Read an Excerpt
An excerpt from Beth's Story
Beth loved all her sisters dearly, but she had a special spot in her heart
for Jo. Still, it seemed unfair that Jo should be allowed to go to New York
and Meg and Amy, both of whose arguments had been quite convincing, should
be made to stay at home.
"No," Beth said. "I'm sorry, Jo. I can't be the one to decide which one
of you goes."
"We could draw lots," Amy said.
"That would be gambling," Meg said. "I think Father and Marmee would prefer
it if we could decide by talking it out."
"We can talk it to death," Amy said, "and we'll still vote for ourselves."
"No," Jo said, looking first at Amy, then at Meg, then at Beth. "I think
there's an obvious answer to our problem. I'll change my vote."
"Oh, Jo!" Meg said. "I'll never forget this. And when I'm in New York, I'll
be sure to pay attention to every single thing and tell you about it, so
tht you can use it in your writing."
"Don't be so sure I'm going to vote for you," said Jo.
"Thank you, Jo!" Amy cried. "I'll do better than Meg. I'll sketch everything
I see, and you can use my pictures when you write about New York!"
"I might not be voting for you either," said Jo.
"Then who?" Meg asked.
"I'm voting for Beth," Jo declared. "I think she should go to New York with
Father and Marmee."
"Beth?" Amy said. "She doesn't even want to go."
"She never said she didn't want to," Jo said. "And it's justlike Beth to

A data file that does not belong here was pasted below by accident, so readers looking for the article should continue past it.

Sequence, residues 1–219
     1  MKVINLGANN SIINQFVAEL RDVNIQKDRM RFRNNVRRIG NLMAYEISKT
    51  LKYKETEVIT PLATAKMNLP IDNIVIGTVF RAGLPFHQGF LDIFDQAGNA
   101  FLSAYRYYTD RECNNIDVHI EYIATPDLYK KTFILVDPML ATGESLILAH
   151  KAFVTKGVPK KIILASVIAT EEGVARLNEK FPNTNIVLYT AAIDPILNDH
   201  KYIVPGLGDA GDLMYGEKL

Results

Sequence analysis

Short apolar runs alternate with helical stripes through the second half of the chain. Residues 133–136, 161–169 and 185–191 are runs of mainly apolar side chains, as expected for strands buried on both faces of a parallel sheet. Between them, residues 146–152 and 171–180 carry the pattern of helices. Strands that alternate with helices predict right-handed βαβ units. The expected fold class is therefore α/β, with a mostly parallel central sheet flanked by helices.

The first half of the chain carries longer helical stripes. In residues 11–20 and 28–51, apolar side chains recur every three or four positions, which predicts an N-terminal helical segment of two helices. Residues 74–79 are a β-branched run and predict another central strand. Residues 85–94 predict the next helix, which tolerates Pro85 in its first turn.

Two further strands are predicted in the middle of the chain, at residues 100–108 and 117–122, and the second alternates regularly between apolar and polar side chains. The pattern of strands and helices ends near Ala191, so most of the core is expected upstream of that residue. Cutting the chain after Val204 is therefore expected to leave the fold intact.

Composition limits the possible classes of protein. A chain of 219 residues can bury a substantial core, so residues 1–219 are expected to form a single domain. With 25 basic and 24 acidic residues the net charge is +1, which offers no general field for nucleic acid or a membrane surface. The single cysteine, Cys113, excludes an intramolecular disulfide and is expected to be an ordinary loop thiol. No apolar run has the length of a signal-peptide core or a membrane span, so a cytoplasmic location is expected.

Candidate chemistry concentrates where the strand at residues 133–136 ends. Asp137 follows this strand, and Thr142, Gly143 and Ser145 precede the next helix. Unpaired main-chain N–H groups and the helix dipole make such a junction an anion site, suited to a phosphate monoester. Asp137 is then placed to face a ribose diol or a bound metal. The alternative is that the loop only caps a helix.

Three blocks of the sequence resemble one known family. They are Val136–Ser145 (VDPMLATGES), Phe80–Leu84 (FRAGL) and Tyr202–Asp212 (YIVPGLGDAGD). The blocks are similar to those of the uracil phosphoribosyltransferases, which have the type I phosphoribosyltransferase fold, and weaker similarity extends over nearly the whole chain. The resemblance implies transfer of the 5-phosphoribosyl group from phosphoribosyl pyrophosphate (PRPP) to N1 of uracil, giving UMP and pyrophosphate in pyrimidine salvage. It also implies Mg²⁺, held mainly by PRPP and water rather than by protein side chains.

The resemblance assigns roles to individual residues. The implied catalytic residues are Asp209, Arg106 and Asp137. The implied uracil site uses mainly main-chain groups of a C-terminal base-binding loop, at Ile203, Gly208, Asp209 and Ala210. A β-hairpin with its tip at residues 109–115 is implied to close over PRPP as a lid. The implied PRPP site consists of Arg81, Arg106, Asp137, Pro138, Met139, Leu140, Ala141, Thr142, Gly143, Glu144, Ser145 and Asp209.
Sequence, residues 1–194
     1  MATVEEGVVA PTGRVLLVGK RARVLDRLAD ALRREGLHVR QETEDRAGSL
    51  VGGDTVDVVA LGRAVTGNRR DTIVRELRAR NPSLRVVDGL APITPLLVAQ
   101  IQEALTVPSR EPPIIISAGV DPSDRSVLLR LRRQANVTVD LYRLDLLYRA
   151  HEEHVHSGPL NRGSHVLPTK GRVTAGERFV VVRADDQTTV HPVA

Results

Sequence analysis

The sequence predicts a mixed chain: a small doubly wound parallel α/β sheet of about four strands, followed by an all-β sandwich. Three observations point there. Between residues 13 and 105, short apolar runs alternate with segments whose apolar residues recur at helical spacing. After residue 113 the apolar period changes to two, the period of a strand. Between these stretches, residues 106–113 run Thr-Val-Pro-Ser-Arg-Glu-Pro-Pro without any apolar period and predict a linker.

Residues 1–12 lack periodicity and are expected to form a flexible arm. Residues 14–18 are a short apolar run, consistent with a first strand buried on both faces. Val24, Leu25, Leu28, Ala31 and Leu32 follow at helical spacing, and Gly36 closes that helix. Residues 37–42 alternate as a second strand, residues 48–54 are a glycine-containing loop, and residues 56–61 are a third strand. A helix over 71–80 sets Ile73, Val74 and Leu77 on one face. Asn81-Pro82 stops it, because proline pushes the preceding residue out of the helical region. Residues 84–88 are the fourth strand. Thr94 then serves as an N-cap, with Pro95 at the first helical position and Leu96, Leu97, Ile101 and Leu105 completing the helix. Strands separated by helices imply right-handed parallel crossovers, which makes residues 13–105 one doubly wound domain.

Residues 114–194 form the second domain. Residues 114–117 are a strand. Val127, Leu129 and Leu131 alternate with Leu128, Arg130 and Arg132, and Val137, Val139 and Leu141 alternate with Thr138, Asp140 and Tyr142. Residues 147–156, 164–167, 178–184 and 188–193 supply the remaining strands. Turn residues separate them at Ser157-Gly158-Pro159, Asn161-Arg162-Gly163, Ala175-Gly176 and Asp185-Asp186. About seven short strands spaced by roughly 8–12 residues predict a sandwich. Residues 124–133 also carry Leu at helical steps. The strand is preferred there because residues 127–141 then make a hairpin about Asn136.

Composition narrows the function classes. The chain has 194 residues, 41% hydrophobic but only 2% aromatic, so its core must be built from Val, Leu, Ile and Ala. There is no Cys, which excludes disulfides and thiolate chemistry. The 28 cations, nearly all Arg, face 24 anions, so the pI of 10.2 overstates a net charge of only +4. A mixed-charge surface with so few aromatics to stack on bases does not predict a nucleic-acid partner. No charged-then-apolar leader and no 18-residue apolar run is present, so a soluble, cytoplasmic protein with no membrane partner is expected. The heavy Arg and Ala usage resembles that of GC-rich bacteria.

put our happiness ahead of hers. You see it, don't you, Meg? If you go,
Amy and I will resent it. And if I go, you and Amy will resent it. And if
Amy goes, you and I will resent it. But if Beth goes, we'll all be a bit
jealous, but mostly we'll be happy for her."
"Jo's right," Meg said. "Beth is always doing kind things for others and
never asking anything for herself. I vote for Beth to go."
"Beth," Amy said, "you don't have to vote for yourself, you know. You can
vote for me."
"Don't be a selfish beast," Jo said. "Beth, whom do you vote for?"
"I can't vote for myself," Beth said. "It doesn't seem right. But I can't
pick among you either. So I still won't vote."
"Very well," Jo said. "Meg and I vote for Beth. Amy, are you still voting
"Does it matter?" Amy asked. "I'm bound to lose."
"I think Marmee and Father would be pleased if we could tell them we were
unanimous about Beth's going," Meg said. "Do you think you could do that
Amy sighed. "Someday I'll be a great artist," she said. "And a fabulously
rich lady. No thanks to any of you. All right. I vote for Beth to go to
New York. I suppose it's better than Jo, at least."
"Hurrah!" cried Jo. "Our Bethy is going to New York. And we hardly came
close to a civil war to decide it."
Beth hugged Jo and then Meg, who had hopped out of her bed to show her affection
for her younger sister. Amy scowled and left for the bedroom she and Beth
"She'll get over it," Jo said. "Amy really isn't selfish. She'll be happy
for you soon enough."
Beth hoped so. No trip to New York was worth the loss of her little sister's